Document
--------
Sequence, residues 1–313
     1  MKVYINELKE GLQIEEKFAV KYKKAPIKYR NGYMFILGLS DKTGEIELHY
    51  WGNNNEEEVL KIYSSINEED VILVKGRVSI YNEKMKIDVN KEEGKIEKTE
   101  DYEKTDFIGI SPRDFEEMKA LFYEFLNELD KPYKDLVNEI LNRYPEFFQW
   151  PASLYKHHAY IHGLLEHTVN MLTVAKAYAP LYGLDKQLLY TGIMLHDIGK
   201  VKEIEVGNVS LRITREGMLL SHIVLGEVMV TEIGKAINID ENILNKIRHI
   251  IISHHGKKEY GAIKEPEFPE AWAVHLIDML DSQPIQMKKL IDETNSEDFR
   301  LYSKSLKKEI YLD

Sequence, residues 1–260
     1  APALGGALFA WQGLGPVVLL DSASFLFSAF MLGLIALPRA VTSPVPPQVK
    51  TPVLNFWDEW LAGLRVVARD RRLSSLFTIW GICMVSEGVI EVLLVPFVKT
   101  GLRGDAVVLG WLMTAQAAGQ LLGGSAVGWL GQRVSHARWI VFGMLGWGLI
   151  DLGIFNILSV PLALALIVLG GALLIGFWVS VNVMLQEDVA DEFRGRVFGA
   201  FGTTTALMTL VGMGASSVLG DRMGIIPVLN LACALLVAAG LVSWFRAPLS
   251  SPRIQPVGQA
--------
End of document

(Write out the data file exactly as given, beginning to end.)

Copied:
Sequence, residues 1–313
     1  MKVYINELKE GLQIEEKFAV KYKKAPIKYR NGYMFILGLS DKTGEIELHY
    51  WGNNNEEEVL KIYSSINEED VILVKGRVSI YNEKMKIDVN KEEGKIEKTE
   101  DYEKTDFIGI SPRDFEEMKA LFYEFLNELD KPYKDLVNEI LNRYPEFFQW
   151  PASLYKHHAY IHGLLEHTVN MLTVAKAYAP LYGLDKQLLY TGIMLHDIGK
   201  VKEIEVGNVS LRITREGMLL SHIVLGEVMV TEIGKAINID ENILNKIRHI
   251  IISHHGKKEY GAIKEPEFPE AWAVHLIDML DSQPIQMKKL IDETNSEDFR
   301  LYSKSLKKEI YLD

Sequence, residues 1–260
     1  APALGGALFA WQGLGPVVLL DSASFLFSAF MLGLIALPRA VTSPVPPQVK
    51  TPVLNFWDEW LAGLRVVARD RRLSSLFTIW GICMVSEGVI EVLLVPFVKT
   101  GLRGDAVVLG WLMTAQAAGQ LLGGSAVGWL GQRVSHARWI VFGMLGWGLI
   151  DLGIFNILSV PLALALIVLG GALLIGFWVS VNVMLQEDVA DEFRGRVFGA
   201  FGTTTALMTL VGMGASSVLG DRMGIIPVLN LACALLVAAG LVSWFRAPLS
   251  SPRIQPVGQA